Introduction: The natural history of traumatic internal carotid artery (ICA) pseudoaneurysms (Biffl grade III), as well as indications for endovascular or surgical management, are poorly defined.
Methods: Retrospective analysis of blunt cerebrovascular injuries (diagnosed by screening CTA) was performed over a ten-year period at a high-volume trauma center to identify patients with traumatic ICA pseudoaneurysm. Clinical, radiographic and outcomes data were recorded.
Results: Thirty-eight traumatic ICA pseudoaneurysms were diagnosed in thirty-four patients. Pseudoaneurysm location was cervical ICA (84%), cavernous (13%) and supraclinoid (3%). Five patients (13%) developed acute stroke (one watershed and four embolic). Eight or more emboli per hour as detected by daily transcranial Doppler ultrasonography was predictive of embolic stroke (p=0.014). Two of four embolic strokes occurred in patients with cavernous pseudoaneurysms who developed cavernous-carotid fistulae, suggesting concomitant pseudoaneurysm rupture. No cervical ICA pseudoaneurysm ruptured. Three of four patients with embolic stroke were treated acutely, by either parent vessel sacrifice (n=2) or surgical clipping with high flow extracranial to intracranial bypass (n=1).
Thirty-five pseudoaneurysms (92%) were initially treated conservatively with aspirin, of whom 30 (86%) underwent clinical and radiographic follow-up (mean six months). None experienced stroke or hemorrhage, and 23 (77%) pseudoaneurysms were either stable or resolved. Seven (23%) enlarged, five of which had progressive parent vessel stenosis and underwent delayed stenting and/or coiling.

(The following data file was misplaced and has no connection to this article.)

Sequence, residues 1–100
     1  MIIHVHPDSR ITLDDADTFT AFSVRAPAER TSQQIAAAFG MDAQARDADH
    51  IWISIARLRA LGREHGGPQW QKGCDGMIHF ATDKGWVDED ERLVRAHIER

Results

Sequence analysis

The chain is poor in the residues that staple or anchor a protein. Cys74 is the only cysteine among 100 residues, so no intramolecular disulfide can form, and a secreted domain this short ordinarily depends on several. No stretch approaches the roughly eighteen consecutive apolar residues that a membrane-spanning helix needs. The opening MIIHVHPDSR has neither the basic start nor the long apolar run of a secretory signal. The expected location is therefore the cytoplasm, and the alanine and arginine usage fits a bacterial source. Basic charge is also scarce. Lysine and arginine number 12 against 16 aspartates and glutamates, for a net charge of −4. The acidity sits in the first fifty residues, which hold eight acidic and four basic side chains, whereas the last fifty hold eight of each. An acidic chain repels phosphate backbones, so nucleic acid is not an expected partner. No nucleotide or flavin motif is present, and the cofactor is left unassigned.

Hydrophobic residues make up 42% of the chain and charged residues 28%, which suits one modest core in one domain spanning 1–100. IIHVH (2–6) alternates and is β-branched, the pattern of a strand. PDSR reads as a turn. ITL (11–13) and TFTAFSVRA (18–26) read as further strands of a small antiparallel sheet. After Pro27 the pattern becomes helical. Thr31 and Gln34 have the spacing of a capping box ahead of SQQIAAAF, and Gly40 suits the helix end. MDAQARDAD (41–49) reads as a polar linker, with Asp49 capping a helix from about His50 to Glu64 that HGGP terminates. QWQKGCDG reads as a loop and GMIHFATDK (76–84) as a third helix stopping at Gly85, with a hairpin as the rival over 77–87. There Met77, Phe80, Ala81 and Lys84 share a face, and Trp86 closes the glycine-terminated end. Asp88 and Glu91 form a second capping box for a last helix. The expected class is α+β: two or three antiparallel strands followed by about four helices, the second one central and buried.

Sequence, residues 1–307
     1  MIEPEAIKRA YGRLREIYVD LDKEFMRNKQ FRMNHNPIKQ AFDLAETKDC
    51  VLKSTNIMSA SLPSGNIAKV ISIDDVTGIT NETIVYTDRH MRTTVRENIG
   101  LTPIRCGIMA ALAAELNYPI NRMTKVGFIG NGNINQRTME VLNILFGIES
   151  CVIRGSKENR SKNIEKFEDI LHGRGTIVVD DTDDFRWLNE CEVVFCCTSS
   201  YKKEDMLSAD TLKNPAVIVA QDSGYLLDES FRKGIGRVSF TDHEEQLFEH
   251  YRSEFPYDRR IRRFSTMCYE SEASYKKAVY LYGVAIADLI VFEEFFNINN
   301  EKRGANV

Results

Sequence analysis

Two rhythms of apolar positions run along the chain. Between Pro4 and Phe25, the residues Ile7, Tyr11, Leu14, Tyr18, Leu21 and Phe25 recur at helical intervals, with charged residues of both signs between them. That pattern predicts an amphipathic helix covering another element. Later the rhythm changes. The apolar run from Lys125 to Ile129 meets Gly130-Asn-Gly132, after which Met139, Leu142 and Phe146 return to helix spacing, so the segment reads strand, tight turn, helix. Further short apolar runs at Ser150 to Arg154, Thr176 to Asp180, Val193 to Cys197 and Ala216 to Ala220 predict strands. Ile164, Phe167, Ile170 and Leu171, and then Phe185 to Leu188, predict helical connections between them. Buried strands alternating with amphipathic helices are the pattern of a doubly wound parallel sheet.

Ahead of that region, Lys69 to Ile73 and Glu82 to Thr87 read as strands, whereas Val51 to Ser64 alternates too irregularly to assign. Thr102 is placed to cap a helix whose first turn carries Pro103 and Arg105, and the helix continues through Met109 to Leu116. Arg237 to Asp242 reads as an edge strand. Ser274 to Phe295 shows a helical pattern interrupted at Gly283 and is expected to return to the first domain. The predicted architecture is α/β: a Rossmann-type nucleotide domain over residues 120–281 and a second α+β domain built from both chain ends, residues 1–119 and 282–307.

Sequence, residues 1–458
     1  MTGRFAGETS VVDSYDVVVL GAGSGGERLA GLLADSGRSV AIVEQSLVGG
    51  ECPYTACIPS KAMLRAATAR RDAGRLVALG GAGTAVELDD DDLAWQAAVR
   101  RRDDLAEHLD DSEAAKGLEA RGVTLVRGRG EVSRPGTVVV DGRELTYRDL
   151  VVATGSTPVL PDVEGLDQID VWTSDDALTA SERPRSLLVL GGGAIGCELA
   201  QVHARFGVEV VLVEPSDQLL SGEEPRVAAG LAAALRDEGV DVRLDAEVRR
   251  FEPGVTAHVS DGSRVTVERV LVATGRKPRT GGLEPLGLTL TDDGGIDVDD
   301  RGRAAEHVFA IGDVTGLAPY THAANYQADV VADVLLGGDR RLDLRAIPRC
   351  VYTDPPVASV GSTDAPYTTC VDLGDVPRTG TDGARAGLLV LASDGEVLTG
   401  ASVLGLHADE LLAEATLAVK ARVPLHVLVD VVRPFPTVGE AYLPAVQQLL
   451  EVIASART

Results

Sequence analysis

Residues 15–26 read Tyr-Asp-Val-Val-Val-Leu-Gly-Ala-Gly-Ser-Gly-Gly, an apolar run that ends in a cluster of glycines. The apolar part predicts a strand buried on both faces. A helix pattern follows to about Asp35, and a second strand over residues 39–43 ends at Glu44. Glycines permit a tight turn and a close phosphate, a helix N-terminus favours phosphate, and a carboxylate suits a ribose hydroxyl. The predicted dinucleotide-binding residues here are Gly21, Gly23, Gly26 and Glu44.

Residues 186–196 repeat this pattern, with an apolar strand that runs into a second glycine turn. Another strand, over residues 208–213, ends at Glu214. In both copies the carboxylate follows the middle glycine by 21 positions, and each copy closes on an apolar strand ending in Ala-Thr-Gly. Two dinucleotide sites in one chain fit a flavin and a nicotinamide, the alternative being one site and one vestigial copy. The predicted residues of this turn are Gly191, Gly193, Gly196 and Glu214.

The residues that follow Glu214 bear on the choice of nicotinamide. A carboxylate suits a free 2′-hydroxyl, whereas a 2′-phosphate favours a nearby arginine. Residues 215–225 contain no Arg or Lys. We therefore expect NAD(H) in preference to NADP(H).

Conclusions: The vast majority of traumatic ICA pseudoaneurysms can be treated conservatively with aspirin and close follow-up. Daily transcranial Doppler ultrasonography with emboli monitoring can identify patients at risk for embolic stroke. Acute endovascular treatment or surgical bypass should be considered in the setting of stroke or rupture. Delayed endovascular treatment is indicated only with progressive pseudoaneurysm enlargement or parent vessel stenosis.
Patient Care: We have shown that ~90% of these lesions can be safely managed with anti-platelet therapy and observation. This is a paradigm shift from previous reports of treating most traumatic ICA pseudoaneurysms in the acute setting with upfront endovascular therapies. After our study, the only indication for upfront endovascular or surgical management of these lesions is embolic stroke or rupture. Lastly we have demonstrated that these untreated lesion can be safely observed without subsequent stroke or hemorrhage risk. If the pseudoaneurysms grow or the parent vessel demonstrates progressive stenosis, delayed intervention is then safe and warranted.
Learning Objectives: By the conclusion of this session, participants should be able to: 1) Describe the natural history of internal carotid artery pseudoaneurysm 2) Discuss, in small groups relative indications for upfront endovascular or surgical management 3) Discuss stroke prevention in these patients and the value of transcranial Doppler with emboli monitoring